Electricity and the UK's Generation Problem

Monday 10 March 2014

Dr O’Hear: On Tuesday March 4th the Oxbridge Project gathered for a talk on 'Electricity and the UK's Generation Problem'.

The speaker was Mr Jake O'Hear, a graduate of Natural Sciences at Cambridge and fresh from a Masters in renewable energy from Imperial College, London. Mr O'Hear has also spent seven years working in finance.

The talk was wide ranging and very topical. Mr O'Hear stressed the link between electricity and domestic emancipation, particularly for women. It is no surprise that there is a direct correlation between income per capita and electricity consumption per head. The USA is still the world leader in both these fields. At the other end of the scale, in Rwanda, for instance, only 16% of people are connected to the national grid.

We also learnt that the UK still generates the majority of our electricity from coal-fired power stations (39% to be precise). We buy much of this coal from the USA, who are now producing the majority of their energy from fracking. However, none of these natural resources will last forever and Mr O'Hear ended the talk with a consideration of solar and wind power as the likely future sources of our electricity; although, this will require us to develop better techniques for storing energy.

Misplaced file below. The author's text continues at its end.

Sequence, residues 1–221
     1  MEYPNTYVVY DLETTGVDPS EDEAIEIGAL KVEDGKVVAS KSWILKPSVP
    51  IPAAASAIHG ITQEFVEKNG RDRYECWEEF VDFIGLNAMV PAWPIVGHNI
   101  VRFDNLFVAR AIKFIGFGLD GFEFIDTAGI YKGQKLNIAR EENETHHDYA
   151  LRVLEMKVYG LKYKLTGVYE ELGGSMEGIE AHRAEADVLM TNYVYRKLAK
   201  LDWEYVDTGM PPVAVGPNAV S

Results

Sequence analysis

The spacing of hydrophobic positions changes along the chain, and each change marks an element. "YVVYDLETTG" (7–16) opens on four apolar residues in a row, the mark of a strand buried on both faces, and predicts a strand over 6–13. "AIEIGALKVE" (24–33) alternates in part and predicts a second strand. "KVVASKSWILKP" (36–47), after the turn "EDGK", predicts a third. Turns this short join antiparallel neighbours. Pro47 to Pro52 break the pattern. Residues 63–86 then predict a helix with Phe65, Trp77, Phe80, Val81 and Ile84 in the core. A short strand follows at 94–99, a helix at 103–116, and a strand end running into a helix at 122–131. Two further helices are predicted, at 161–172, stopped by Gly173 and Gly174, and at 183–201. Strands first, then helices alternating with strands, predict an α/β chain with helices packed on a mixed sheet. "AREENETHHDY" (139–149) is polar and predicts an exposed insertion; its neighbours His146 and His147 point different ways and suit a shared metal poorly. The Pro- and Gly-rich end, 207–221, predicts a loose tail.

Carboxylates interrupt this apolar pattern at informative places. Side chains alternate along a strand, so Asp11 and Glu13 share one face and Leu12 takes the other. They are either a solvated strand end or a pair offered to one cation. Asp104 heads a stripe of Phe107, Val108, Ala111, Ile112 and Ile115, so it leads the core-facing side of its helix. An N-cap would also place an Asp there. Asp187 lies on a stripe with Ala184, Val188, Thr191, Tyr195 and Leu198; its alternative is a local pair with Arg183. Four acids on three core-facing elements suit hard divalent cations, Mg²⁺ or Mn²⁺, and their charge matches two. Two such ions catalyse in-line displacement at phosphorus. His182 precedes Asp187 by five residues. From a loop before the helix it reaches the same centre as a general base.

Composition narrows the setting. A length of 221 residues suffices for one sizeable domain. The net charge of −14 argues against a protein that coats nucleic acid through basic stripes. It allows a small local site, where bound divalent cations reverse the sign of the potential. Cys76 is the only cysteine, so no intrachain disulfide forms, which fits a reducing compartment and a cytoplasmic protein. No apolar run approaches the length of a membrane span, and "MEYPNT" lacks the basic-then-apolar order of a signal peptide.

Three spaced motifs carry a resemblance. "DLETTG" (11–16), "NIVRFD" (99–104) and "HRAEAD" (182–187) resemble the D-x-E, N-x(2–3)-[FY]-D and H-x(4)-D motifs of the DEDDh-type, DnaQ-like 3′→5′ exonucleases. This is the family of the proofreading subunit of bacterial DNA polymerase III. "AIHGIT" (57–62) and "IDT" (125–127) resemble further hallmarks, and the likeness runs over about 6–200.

As a non scientist, I took a lot away from the talk but some of the students, themselves science enthusiasts, took the questioning to another level. Mr O'Hear singled out Mabast Hussein (11B) and Sadek (7B) for special commendation.

It was a fascinating session and we are very grateful to Mr O'Hear for giving up time in his busy day to talk to us.